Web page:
When something is hard to get, we want it more. We also tend to place greater value on it, as difficulty obtaining it will skew perception of quality. As such, we are more willing to do stupid things to get it, something which scammers know very well. Scarcity is evoked by limiting offers such as a ‘one-day offer.’ This encourages instant decisions so we can avoid missing out on a great opportunity. Scarcity is a known persuasion technique that’s often used in sales.

What to watch for  

Indication that the offer is a one-time deal or somehow unique and that you will be missing out if you don’t act on it.

Authority

Scammers evoke authority by pretending to be police, doctors, lawyers, bank officials or authority bodies such as IRS, FBI, etc. There are several reasons for this.

First is that, from an early age, we are brought up to respect and obey authority figures. Therefore, any requests coming from people in a position of authority will likely result in less resistance.

Second, we have also been brought up to trust people in certain professions because these people inspire trust and confidence. We typically trust that lawyers, doctors and even religious figures such as ministers have our best interests at heart. This means that we may not question their motives as we would the motives of other people. Some people are also more easily influenced by authority figures, which would make them even more vulnerable to authority cues.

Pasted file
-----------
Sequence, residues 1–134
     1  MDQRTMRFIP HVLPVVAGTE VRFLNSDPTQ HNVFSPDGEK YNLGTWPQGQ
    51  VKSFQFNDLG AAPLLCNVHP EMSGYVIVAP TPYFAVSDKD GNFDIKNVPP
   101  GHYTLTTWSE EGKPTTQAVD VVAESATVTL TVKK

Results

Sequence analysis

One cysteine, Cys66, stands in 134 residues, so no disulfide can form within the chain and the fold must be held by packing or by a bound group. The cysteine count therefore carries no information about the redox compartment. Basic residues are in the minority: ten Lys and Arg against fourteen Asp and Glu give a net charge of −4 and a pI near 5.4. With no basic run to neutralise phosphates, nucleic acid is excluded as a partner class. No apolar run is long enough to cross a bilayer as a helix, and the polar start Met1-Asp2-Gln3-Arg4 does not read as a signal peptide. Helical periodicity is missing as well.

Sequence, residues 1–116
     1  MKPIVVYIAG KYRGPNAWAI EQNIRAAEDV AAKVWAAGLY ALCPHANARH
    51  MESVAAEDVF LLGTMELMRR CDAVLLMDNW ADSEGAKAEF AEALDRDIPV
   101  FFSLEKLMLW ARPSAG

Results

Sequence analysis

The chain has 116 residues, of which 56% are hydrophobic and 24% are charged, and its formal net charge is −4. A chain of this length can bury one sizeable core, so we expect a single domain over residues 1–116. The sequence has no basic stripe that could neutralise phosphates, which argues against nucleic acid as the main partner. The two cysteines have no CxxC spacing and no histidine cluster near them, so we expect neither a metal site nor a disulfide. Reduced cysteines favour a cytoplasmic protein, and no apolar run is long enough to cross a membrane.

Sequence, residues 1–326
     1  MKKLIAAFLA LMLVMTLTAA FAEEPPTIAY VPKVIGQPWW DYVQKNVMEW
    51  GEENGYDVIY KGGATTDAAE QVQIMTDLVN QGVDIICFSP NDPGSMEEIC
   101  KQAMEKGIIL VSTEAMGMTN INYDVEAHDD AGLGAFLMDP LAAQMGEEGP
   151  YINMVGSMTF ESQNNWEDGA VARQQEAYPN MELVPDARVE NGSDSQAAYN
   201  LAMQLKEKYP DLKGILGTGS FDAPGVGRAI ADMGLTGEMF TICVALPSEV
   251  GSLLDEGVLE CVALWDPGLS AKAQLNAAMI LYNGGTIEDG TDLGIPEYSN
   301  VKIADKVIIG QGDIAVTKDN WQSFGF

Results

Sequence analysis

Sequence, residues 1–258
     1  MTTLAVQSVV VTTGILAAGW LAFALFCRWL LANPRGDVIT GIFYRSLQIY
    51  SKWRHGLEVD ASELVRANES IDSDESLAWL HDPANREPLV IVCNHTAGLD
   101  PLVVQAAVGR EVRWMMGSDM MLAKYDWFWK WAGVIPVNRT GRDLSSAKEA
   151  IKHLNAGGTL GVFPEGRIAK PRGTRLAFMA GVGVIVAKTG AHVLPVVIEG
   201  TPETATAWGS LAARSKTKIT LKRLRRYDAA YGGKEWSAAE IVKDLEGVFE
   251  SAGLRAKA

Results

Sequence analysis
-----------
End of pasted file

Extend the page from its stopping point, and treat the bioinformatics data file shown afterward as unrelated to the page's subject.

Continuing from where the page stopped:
What to watch for

Pressure to comply with requests from authority sources, especially if there is a threat that non-compliance would lead to arrest or penalties.

Social proof

Our world and our behaviors are shaped by looking at others, seeing what they do and evaluating how they behave. This can be exploited by scammers who may fake testimonials, recommendations and reviews online. Social proof lowers our risk perceptions. We become more open to trying things and products from which other people benefited.  Purchasing items that come with good reviews or testimonials or purchasing from companies that have been recommended gives us confidence in that purchase.

Scammers exploit social influence in a couple of ways. These include faking testimonials and reviews or even going as far as creating fake social media accounts to do so. There’s also targeting individuals with phishing emails that pretending to come from people who have benefited from a particular product or service.

Another way of exploiting social proof is targeting groups of people who have something in common such as people who work or socialize together. In such situations, a scammer typically persuades one person in that group to go along with a purchase or an investment, as others in the group end up doing the same upon seeing a member of a trusted group recommending the investment. This is how pyramid schemes often work.

What to watch for

Testimonials and recommendations that are provided by the offer itself. These include any extremely positive reviews, especially if they are not detailed, as well as testimonials that appear in seemingly unrelated places such as social media pages.

Further Reading

Protecting a New Vulnerable Population on the Internet

Protecting the New Most Vulnerable Population – The Grandparent Scam